5.  Global Trade

Container Ship. Image Credit: Ingrid Taylar

Container Ship. Image Credit: Ingrid Taylar

Forget what you may have learned in school, there is only one ocean. Sure we have different ocean basins, but they are all connected. This aspect allows the transportation of goods and raw materials from the clothes on our back and shoes on our feet, to timber and all the way down to slides for men.  Roughly 90% of global trade is conducted via maritime transport. This means that most things that exist on shelves everywhere, including groceries, and maybe even the shelves themselves have been at sea during some point in its lifecycle.


6.  Our Health

Smallpox vaccine. Image Credit: James Gathany, CDC

Smallpox vaccine. Image Credit: James Gathany, CDC

We get nutrition from seafood, but the ocean is also a bonafide pharmacy. Compounds from marine life (usually sedentary species that produce chemicals to defend themselves, such as coral and sponges) have been made or are being studied to treat sickness and disease. One example, though there are a myriad of examples, is that an extract of horseshoe crab blood is used in a test to ensure the sterility and therefore safety of virtually every vaccine in the world before it is allowed to go to market.



7.  Our Heritage & Culture


Moby Dick. Illustrated by homemdofarol

The ocean has influenced much of the human experience. From myths to ceremonies, and from seafaring and boat building, maritime traditions have been practiced since the dawn of humanity. Today, around 40% of the world population lives within 100km of the coast, and the ocean continues to inspire us. There are countless books, movies and music to prove it: Moby Dick, The Life Aquatic, Finding Nemo, and sea shanties are the teeniest, tiniest tip of the iceberg.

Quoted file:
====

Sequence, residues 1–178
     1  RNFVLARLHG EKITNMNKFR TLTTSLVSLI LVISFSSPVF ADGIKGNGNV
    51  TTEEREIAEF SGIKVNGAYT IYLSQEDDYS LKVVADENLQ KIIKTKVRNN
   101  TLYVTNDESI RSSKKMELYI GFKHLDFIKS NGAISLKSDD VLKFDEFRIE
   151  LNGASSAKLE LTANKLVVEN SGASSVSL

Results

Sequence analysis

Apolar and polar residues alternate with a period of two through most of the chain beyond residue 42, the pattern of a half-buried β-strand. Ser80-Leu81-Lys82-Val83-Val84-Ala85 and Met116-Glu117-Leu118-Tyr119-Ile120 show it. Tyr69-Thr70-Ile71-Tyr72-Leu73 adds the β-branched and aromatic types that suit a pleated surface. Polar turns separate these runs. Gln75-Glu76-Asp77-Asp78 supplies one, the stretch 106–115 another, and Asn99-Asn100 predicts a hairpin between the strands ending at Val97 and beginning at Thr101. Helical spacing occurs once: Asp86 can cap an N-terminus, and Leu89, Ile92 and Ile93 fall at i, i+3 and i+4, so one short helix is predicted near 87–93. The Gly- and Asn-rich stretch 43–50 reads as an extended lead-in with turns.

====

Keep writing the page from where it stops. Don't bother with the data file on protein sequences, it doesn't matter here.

There are many more reasons we could give thanks for the ocean; from being an excellent playground to swim, surf, sail, and dive in, to the calm it can instill in us and the pure excitement of ocean exploration—more than 95% of the ocean is still unexplored after all. But this post needs to end at some point.

Like it or not, all life on Earth, including ourselves and the ecosystems we are part of, are interconnected and share a fate with the ocean. We have a responsibility to protect and manage what we are so lucky to have access to. The ocean provides for us, but there is a limit. No doubt ocean issues have hit headlines, from pollution, overfishing, climate change and ocean acidification. It may seem daunting, but all these issues are human created, and as a clever and innovative species, we all have the power to affect positive change. From daily choices, to community-level solutions that address the scale of the issue, to the work we get paid (or not) do. Now more than ever, the words of Margaret Mead are worth repeating: “Never doubt that a small group of thoughtful, committed citizens can change the world; indeed, it’s the only thing that ever has”.

Image credit: Gisela Giardino

Image credit: Gisela Giardino


Megan Chen

I graduated with a Masters of Coastal & Marine Management from the University of Akureyri in Iceland, and am currently working at the Smithsonian Institution’s National Museum of Natural History in Ocean Education. I am interested in smart and feasible ocean solutions, especially in fisheries management, and the incredible adaptations marine life has come up with. In my spare time, I like to stargaze, watch talks on random topics and explore different corners of the world.